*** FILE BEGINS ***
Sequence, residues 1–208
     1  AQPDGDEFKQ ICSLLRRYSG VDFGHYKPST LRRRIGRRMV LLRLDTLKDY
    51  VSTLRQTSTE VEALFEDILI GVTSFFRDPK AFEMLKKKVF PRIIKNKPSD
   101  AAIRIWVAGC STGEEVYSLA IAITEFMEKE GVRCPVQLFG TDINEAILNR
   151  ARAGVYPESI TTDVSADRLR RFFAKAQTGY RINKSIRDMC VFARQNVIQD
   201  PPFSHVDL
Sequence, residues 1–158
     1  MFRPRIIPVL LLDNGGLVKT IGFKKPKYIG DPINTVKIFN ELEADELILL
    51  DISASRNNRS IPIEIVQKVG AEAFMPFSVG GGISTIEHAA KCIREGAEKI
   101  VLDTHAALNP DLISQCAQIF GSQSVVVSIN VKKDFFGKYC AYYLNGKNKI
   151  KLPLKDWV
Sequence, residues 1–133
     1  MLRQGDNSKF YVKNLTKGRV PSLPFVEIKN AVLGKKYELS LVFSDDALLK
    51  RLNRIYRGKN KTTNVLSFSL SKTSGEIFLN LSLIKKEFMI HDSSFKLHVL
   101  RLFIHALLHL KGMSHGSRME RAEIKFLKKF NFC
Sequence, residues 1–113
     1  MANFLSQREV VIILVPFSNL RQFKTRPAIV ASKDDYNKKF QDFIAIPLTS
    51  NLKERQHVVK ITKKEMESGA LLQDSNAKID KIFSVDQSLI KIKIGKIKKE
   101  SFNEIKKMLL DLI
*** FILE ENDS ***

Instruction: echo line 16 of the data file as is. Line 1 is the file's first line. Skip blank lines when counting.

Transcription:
Sequence, residues 1–113